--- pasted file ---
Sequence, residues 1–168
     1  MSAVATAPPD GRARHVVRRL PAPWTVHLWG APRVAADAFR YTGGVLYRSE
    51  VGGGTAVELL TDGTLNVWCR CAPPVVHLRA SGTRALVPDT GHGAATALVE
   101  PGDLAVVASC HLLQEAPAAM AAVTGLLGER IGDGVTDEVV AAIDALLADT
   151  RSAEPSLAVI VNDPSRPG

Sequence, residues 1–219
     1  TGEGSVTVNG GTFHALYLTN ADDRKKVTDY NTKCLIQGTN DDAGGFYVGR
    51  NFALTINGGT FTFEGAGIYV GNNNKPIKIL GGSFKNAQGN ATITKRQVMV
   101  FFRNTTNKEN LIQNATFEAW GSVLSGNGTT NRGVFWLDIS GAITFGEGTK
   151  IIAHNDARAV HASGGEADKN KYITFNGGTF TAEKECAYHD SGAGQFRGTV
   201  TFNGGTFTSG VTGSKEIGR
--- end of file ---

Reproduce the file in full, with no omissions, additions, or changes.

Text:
Sequence, residues 1–168
     1  MSAVATAPPD GRARHVVRRL PAPWTVHLWG APRVAADAFR YTGGVLYRSE
    51  VGGGTAVELL TDGTLNVWCR CAPPVVHLRA SGTRALVPDT GHGAATALVE
   101  PGDLAVVASC HLLQEAPAAM AAVTGLLGER IGDGVTDEVV AAIDALLADT
   151  RSAEPSLAVI VNDPSRPG

Sequence, residues 1–219
     1  TGEGSVTVNG GTFHALYLTN ADDRKKVTDY NTKCLIQGTN DDAGGFYVGR
    51  NFALTINGGT FTFEGAGIYV GNNNKPIKIL GGSFKNAQGN ATITKRQVMV
   101  FFRNTTNKEN LIQNATFEAW GSVLSGNGTT NRGVFWLDIS GAITFGEGTK
   151  IIAHNDARAV HASGGEADKN KYITFNGGTF TAEKECAYHD SGAGQFRGTV
   201  TFNGGTFTSG VTGSKEIGR